Officials said an unspecified number of people were killed or injured in at least four explosions in the southern city of Kherson, which was occupied by Russian troops but retaken by Ukrainian forces amid scenes of jubilation in November.

A group of children clambers over destroyed Russian military vehicles outside St Michael’s Monastery in Kyiv, Ukraine
Children clamber over destroyed Russian military vehicles outside St. Michael’s Monastery in Kyiv, Ukraine, on Monday.Mo Abbas / NBC News

Russian shells hit Kramatorsk, near the front lines in the industrial Donetsk region that Russia claims as its territory, the city’s mayor, Oleksandr Honcharenko, said on social media, urging people to stay in shelters.

Citing unspecified intelligence, Iryna Vereschuk, the minister of reintegration of what Ukraine calls the “temporarily occupied territories” of Luhansk and Donetsk, said that Russia was planning to attack churches.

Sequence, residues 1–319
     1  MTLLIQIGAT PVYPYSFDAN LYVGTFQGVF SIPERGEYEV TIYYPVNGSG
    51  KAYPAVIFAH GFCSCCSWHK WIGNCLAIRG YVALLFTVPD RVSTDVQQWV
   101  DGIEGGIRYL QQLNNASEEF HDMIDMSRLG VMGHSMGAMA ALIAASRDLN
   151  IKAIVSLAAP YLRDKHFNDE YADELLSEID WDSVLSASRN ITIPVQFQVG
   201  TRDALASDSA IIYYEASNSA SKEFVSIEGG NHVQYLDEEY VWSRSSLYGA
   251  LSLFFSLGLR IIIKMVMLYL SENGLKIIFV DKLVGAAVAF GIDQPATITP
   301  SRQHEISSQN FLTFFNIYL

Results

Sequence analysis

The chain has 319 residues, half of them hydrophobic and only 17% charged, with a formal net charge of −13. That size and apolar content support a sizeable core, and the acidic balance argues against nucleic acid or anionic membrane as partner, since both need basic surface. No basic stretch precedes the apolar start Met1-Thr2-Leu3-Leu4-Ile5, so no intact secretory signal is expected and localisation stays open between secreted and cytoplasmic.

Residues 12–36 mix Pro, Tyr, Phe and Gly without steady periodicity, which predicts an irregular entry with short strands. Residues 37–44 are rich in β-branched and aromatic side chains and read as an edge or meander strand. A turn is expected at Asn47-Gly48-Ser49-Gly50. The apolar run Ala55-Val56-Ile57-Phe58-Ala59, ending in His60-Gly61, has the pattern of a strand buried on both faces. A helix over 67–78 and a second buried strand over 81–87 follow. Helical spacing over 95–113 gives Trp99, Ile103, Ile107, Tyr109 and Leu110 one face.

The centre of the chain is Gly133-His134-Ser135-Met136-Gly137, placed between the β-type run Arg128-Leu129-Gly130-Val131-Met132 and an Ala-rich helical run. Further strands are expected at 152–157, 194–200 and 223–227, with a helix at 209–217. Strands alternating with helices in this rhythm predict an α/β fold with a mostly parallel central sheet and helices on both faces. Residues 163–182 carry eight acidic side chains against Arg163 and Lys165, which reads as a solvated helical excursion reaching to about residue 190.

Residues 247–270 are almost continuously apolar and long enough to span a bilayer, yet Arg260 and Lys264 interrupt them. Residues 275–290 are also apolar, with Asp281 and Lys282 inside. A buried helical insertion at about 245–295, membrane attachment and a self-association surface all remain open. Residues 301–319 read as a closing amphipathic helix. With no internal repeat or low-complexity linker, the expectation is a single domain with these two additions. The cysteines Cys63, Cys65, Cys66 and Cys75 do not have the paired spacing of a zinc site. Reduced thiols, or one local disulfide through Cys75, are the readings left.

“I urge citizens to be careful and, if possible, to refrain from visiting places with a large crowd of people,” she said on Telegram.

NBC News has not verified the claims from either side.

Any Kremlin hopes for signs of a weakening resolve from Ukraine’s Western allies in supplying military aid to Ukraine were dashed soon after Putin's cease-fire announcement by the news that the U.S. and Germany were planning to send new armored vehicles.

Washington is set to announce a new $3 billion package of military equipment, including Bradley Fighting Vehicles, on Friday.